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In Search of the Northern Lights Aboard Havila’s Castor

For many travelers, seeing the sometimes-elusive Northern Lights is a bucket list item. A great place to see them is in Norway, and a delightful way is aboard one of HavilaVoyages four ships on its round-trip, 11-night Bergen-Kirkenes-Bergen itinerary. While Norway is a relatively small country, it has the world’s second longest coastline. On this itinerary, guests cross the Arctic Circle with scenery second to none.

Havila Voyages has four new identical ships in its fleet, the Capella, Polaris, Pollux, and Castor, and all commenced sailing between 2021 and 2023. These 406-foot vessels were built to navigate the Norwegian coastline and span six decks. I joined Havila’s Castor last month on the round-trip Bergen-Kirkenes-Bergen voyage in search of the Northern Lights.

Fortunately, Havila has a “Northern Lights Promise” for its round-trip voyage, for its October 1, 2024 to March 31, 2025 season. If guests activate the Northern Lights Warning System on their stateroom telephone and none occur during the voyage, guests will receive a complimentary six-day or seven-day voyage during the following season. The new trip must be booked within one month of returning from the original trip.

A Multi-Purpose Cruise Ship

On this sailing, there were 133 guests aboard the Castor out of a maximum 640. Havila’s ships also act as a transportation service from one port to another, so there are a few additional passengers onboard that are not overnight guests. Additionally, Havila’s ships delivers cargo to outlying towns and villages along the coast, thus making several 15-minute to 30-minute stops en route on this 2,500 nautical mile voyage. This has the added benefit of giving passengers a glimpse of rural life in Norway’s far north while providing a lifeline to these remote villages.

Overnight passengers ranged in age from 26 to 75, and were mainly Scandinavians and Germans, with about a dozen Americans. There were 65 incredibly efficient and delightful Norwegian and Swedish crew onboard, all of whom spoke truly impeccable English. All announcements, briefings, and lectures were in Norwegian, English, and German.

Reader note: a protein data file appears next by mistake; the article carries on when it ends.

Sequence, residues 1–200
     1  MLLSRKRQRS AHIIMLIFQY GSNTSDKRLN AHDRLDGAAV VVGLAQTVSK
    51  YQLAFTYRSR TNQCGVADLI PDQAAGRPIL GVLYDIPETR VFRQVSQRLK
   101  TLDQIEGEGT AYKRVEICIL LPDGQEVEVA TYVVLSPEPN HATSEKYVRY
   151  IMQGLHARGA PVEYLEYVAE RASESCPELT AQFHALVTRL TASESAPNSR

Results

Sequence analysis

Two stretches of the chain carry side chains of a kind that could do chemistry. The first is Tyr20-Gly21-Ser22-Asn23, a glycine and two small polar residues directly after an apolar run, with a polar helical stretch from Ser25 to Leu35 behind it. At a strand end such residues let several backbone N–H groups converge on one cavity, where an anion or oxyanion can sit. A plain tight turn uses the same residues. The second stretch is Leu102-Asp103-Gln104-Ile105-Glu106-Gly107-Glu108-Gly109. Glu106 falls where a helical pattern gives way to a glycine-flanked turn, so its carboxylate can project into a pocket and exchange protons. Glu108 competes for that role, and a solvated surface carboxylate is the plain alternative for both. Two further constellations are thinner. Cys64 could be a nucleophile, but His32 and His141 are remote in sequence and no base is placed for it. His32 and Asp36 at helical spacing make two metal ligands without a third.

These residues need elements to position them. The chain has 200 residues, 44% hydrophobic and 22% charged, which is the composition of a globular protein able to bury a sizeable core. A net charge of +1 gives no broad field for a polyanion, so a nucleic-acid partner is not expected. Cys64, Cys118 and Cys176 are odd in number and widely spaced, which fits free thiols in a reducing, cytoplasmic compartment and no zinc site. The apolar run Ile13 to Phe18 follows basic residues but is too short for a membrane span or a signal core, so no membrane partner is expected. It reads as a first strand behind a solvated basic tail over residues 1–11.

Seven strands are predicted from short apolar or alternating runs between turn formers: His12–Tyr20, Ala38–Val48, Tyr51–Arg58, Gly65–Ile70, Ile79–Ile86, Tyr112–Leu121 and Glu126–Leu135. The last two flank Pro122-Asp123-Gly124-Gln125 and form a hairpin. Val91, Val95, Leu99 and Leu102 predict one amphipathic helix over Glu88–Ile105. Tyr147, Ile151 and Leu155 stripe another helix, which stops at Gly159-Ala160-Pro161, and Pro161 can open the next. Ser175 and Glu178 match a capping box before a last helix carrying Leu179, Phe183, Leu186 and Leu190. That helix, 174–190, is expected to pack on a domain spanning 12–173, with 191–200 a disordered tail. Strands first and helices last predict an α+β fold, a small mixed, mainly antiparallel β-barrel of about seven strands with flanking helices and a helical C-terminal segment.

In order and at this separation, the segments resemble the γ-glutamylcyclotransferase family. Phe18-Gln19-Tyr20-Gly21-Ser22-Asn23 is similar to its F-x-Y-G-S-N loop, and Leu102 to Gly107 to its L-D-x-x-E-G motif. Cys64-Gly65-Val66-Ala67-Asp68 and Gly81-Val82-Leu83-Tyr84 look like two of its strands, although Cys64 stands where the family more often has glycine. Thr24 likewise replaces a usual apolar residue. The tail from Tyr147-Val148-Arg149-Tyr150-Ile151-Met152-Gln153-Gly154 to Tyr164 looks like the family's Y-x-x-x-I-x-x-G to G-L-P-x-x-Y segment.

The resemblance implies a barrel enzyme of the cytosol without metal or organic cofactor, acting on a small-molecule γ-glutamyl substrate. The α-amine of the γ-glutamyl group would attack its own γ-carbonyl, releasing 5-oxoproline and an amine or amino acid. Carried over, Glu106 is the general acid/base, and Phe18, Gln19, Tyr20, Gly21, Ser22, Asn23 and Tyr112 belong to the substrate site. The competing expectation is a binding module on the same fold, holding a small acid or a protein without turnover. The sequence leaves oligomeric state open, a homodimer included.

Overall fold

The Suite Life

The Castor has 179 staterooms on Decks 4,5,7, and 8, all in Scandinavian design with efficiently intelligent use of space and decorated in light birch woods, blues, grays, and white, that mimic precisely the dramatic nature of the region.

I hung my hat in a Junior Suite containing 250-square feet with floor-to-ceiling windows, and a large balcony containing about 90-square feet. In addition to a three-person sofa that converts to a sleeper, there was an upholstered ergonomic chair, stocked mini-bar, Nespresso maker, and tea kettle. A built-in 42-inch flat screen television was creatively placed within a wall abutting the working desk separating the living and sleeping areas. It discreetly swiveled between living room and bedroom providing more evidence of Scandinavian design brilliance.

The ample wardrobe had built-in shelves, and a waist level safe. The bedroom boasted a comfortable queen size bed and built-in nightstands with two USB ports (another two USB ports were near the desk). The bathroom had ceramic tile flooring, a built-in Corian countertop, and environmentally-sound dispensers with Fjellheim products. An ample-sized shower had some of the best water pressure I’ve experienced at sea. WiFi is included and the signal was surprisingly strong throughout the voyage. The largest accommodations onboard are Deck 8’s two Lighthouse Suites, comprising 450-square feet and boast an electric fireplace, interior bathtub, and a balcony Jacuzzi.

Life Onboard 

The lobby and reception areas as well as embarkation and debarkation are all on Deck 4. Deck 6 houses the main Havrand Restaurant where breakfasts, lunches, and dinners are served, Havly Café where coffee, lunch, and snacks are served throughout the day, as well as Hildring Fine Dining, which serves breakfast for suite guests and wine-paired five-course dinners (reservations and supplement required).

Deck 6 also has several lovely seating areas, a sundries and clothing shop, the Bow Lounge, and the conference hall where daily lectures and pre-caps are given. Topics include Sami culture, ice-fishing, reindeer migration, underwater life, extreme sports, and weather patterns relating to the region. The Panorama Deck and Havblikk Bar & Lounge are on Deck 9 and are great places to relax, have a cocktail, and enjoy the stellar views.

The ship has two small gyms, both on Deck 7, one with LifeFitness cardio equipment including treadmills, spinner bike, elliptical, and rower, and one with free weights and machines. Both have floor-to-ceiling windows so guests can enjoy the views while completing their workouts. While there are no massage therapists onboard, Deck 8 has two saunas, an outdoor deck, and Jacuzzi.

Food Matters